Inklings

You Should’ve Seen it in Color

Students Adapt to Colorblindness

Sydney Puffett, Staff

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According to the Color Blind Awareness website, color blindness affects 8 percent of men and .5 percent of women. If a student is color blind, he or she may have a more difficult time learning than other students.

“People usually think anyone who is color blind can’t see colors at all,” junior Parker Ostrander, a color blind student, said. “For me at least, I only mix up colors. For example, dark blues and purples look the same to me, light greens and yellows look the same, and reds and oranges look mostly the same.”

Senior Alex Zumbach, another color blind student, said it makes school more difficult for him because he cannot use certain highlighters, and it’s hard to see Expo markers. “When we had to color in the periodic table in Chemistry, I had to use patterns instead of colors because I couldn’t tell the difference,” Zumbach said.

Zumbach also said he dislikes it when people realize he is color blind. “Then they just ask you what color everything is; 95 percent of the time, I’ll get colors right.”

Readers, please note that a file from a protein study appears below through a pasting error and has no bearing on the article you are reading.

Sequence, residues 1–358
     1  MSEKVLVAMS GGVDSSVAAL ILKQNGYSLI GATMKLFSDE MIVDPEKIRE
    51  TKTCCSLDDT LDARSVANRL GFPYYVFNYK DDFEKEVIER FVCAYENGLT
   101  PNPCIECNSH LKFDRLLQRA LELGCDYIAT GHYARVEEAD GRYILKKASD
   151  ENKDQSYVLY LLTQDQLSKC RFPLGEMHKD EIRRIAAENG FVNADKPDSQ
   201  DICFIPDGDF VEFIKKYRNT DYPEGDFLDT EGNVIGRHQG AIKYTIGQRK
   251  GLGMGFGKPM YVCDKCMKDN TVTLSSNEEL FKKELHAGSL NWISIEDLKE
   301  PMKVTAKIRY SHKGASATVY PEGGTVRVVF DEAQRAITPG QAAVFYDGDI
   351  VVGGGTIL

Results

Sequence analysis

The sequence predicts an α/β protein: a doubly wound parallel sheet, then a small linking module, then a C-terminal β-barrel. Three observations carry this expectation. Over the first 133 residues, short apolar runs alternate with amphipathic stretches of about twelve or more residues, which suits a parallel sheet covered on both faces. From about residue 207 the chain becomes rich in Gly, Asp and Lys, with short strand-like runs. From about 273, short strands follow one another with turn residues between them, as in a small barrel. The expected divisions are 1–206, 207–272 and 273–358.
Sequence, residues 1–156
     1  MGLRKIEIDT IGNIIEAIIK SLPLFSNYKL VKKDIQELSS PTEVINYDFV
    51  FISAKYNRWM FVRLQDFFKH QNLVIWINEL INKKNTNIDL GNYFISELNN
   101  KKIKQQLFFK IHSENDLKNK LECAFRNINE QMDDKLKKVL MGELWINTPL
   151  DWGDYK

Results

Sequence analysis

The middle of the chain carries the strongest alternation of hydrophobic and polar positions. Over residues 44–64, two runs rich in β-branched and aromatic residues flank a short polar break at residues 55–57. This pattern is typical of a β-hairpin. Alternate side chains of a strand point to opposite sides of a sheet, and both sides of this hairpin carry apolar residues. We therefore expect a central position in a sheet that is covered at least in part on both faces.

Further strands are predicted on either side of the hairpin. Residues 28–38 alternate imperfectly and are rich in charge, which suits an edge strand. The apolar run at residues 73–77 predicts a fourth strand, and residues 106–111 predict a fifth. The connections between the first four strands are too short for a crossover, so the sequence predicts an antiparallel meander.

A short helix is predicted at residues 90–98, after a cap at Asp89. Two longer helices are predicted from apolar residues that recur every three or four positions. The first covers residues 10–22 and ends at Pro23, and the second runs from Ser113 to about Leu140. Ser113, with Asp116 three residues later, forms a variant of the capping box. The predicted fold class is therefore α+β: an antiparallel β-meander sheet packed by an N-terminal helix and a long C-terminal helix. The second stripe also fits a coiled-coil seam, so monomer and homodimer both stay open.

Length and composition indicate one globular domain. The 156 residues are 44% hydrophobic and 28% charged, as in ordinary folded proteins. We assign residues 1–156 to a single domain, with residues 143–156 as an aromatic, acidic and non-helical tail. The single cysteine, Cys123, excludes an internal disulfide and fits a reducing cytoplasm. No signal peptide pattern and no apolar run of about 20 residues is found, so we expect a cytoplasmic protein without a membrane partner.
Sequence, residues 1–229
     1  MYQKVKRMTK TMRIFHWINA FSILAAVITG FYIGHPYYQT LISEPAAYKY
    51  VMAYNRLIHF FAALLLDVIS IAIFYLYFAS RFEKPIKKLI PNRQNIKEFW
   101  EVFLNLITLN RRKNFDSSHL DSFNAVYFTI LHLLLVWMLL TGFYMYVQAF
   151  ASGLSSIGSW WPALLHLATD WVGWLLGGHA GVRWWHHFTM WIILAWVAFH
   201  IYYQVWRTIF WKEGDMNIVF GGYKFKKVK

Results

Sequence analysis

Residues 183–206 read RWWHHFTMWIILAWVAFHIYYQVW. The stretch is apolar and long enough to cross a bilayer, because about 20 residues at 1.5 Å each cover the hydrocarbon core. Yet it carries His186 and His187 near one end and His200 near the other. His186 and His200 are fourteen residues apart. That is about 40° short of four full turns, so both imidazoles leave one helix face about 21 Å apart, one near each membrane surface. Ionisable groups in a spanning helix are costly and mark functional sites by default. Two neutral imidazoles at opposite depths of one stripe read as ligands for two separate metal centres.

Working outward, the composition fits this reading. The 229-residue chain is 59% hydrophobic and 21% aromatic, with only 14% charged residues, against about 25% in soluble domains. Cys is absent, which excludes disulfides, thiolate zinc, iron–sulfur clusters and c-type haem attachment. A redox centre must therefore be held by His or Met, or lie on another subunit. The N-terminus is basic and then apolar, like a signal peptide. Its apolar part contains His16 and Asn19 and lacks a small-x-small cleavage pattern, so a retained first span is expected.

Color blindness can also affect your personal life.

“Sometimes I can’t match clothes the greatest,” Ostrander said.

Zumbach agreed and said, “When I lived in Des Moines, I had to label all my shirt and ties, so I knew what matched.”

For Zumbach, stoplights are hard to see as well. “One time, I couldn’t tell what color was lit and I forgot the order the colors go in, so I just went because nobody was around. I still don’t know if I was supposed to or not.”

About the Writer
Sydney Puffett, Staff

I am Sydney Puffett, and I am a senior. I plan on going to Platteville next year and majoring in either forensic investigation or criminal psychology....

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The Student News Site of West Delaware High School
You Should’ve Seen it in Color